When Sonic Drive-In considered installing solar panels on top of one of its San Antonio, Texas, unit, the brand had the advantage of insider know-how.
Three franchisees in Tennessee, Colorado, and Oregon had already received approval and installed solar panels at their locations years before.
“I actually reached out to those franchisees and picked their brains a little bit. One of them has had panels in for four to five years; another one has five different stores in Oregon; and the one in Tennessee just has one location. They all have some good input and information to share,” says Wayne Brayton, senior director of facilities for Sonic. “This was a great opportunity for the company-owned restaurants to test solar panels.”
Sonic worked with CPS Energy, a San Antonio–based provider that also happens to be the largest municipally owned energy company in the U.S. Brayton says CPS is not only on the cutting edge of the solar industry, it also has a 50 percent rebate program with installation included.
In December, Congress also voted to extend the 30 percent federal tax credit for businesses that invest in solar energy through the end of 2019. All these incentives combined made it a particularly enticing opportunity for the brand.
Sonic also has another advantage over the average quick serve: Its drive-in layout features long canopies (roughly 120 feet long and 14 feet wide) with nothing on top.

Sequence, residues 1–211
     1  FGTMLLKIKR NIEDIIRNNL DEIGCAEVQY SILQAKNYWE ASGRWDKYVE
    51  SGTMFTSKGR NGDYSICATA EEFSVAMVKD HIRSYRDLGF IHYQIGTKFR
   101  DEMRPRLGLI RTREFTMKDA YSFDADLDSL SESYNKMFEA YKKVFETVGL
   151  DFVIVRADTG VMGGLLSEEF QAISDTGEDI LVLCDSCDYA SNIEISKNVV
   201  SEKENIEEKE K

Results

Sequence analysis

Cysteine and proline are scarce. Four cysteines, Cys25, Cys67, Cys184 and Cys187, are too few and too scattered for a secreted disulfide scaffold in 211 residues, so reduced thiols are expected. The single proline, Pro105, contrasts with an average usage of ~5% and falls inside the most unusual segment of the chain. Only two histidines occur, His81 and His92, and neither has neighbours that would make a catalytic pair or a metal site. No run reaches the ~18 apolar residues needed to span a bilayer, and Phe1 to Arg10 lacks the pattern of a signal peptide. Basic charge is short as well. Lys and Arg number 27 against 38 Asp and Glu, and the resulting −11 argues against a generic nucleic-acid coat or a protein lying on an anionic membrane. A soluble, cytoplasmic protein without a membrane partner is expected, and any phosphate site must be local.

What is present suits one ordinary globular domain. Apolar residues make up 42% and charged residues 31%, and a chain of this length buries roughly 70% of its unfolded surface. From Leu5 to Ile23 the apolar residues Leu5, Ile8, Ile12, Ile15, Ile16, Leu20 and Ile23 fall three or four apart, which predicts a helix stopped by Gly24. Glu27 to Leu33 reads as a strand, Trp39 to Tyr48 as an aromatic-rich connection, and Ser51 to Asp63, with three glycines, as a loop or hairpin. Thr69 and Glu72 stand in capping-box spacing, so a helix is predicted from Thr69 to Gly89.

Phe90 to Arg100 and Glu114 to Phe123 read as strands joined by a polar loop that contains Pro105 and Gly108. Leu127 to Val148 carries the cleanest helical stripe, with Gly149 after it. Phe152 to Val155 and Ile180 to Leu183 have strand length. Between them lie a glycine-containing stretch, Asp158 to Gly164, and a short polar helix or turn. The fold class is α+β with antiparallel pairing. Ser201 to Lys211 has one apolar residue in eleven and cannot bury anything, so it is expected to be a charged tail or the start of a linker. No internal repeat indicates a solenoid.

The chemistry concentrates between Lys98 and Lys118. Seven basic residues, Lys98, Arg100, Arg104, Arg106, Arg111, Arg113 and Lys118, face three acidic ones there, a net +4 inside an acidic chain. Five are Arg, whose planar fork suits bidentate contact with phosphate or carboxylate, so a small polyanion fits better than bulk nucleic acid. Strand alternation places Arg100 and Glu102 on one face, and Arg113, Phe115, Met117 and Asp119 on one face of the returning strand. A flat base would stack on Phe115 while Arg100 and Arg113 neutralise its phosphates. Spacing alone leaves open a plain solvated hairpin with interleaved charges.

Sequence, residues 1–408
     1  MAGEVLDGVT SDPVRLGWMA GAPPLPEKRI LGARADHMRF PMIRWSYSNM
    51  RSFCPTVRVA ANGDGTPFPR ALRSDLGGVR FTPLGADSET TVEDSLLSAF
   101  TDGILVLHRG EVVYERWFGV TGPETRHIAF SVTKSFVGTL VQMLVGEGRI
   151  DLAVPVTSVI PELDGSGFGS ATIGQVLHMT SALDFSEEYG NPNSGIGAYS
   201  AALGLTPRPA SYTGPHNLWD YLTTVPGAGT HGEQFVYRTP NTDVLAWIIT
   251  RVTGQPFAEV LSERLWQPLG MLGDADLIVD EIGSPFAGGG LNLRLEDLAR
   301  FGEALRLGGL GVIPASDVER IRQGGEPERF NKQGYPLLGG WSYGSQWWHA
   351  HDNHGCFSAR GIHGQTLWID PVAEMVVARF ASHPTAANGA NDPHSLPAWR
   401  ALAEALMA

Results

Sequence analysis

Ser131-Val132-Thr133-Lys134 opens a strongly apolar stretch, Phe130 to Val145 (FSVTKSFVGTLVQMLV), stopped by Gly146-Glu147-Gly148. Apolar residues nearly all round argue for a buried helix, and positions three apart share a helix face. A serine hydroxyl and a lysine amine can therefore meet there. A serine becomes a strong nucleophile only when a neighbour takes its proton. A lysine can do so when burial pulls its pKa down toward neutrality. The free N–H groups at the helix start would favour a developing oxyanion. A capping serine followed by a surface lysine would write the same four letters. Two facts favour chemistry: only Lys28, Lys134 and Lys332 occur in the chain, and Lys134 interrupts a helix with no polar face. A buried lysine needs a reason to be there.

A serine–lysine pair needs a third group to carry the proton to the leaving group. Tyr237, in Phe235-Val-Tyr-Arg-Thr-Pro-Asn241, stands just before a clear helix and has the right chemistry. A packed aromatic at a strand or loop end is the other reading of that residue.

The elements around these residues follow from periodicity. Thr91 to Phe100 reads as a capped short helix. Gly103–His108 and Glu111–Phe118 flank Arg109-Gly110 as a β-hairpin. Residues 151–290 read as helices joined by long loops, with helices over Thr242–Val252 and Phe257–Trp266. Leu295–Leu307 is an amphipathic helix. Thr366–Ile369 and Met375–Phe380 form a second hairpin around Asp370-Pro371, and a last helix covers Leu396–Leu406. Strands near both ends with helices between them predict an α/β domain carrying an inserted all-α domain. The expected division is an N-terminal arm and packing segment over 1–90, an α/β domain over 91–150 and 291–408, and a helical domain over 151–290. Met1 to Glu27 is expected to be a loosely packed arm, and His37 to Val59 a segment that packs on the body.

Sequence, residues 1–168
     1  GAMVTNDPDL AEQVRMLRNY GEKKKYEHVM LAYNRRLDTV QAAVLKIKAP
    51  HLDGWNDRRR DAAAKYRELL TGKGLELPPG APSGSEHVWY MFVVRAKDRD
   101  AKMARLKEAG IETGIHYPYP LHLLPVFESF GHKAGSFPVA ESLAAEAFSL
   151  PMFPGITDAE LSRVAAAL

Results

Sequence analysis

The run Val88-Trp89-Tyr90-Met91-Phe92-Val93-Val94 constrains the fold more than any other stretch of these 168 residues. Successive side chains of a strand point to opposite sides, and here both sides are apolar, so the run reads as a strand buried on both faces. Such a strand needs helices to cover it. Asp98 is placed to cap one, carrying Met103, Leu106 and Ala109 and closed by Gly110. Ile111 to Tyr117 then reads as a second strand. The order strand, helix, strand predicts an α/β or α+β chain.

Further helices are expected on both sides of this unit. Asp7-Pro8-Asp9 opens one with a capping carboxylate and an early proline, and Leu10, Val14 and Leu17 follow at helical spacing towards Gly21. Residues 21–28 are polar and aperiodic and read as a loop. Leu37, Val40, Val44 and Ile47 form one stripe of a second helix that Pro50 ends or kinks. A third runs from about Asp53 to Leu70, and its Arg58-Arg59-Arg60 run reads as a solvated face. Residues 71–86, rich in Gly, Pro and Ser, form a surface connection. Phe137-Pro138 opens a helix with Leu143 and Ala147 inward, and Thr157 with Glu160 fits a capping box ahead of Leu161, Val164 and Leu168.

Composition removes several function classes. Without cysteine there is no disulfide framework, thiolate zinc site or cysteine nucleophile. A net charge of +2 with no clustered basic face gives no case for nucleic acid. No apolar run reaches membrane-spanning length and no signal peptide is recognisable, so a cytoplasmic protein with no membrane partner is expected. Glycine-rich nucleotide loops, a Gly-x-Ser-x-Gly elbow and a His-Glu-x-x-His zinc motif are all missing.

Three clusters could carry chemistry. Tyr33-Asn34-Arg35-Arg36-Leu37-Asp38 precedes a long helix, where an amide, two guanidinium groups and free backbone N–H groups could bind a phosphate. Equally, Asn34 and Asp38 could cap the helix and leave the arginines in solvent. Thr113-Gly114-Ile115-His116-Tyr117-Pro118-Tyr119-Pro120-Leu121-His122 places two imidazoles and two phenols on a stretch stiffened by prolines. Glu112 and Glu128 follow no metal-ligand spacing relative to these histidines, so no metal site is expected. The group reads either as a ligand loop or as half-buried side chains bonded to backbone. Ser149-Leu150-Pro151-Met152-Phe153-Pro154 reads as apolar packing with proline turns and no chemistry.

“What we’ve installed in the San Antonio location is a total of 90 solar panels spread out over our three canopies,” Brayton says. “Our canopies are wide-open on top so it’s an ideal design for our concept, really.”
And because this San Antonio store uses the latest technology, it supplies 27 kilowatts worth of power—three times the amount the franchisee models generated. Brayton is estimating that this output will cover 20 to 25 percent of the location’s electricity needs. He expects that these panels will soon be added to other locations, but first wants to track electrical use for about six months and compare it with readings from the previous year.
Solar isn’t the only energy-efficient switch Sonic is exploring. Brayton says converting to LED lights is another measure the brand has undertaken. Not only do these bulbs use less energy, they also require less repair and maintenance.
And with federal energy credits extended and companies like CPS offering special rebates, Brayton says it can be a great opportunity to cut operating costs.
By Nicole Duncan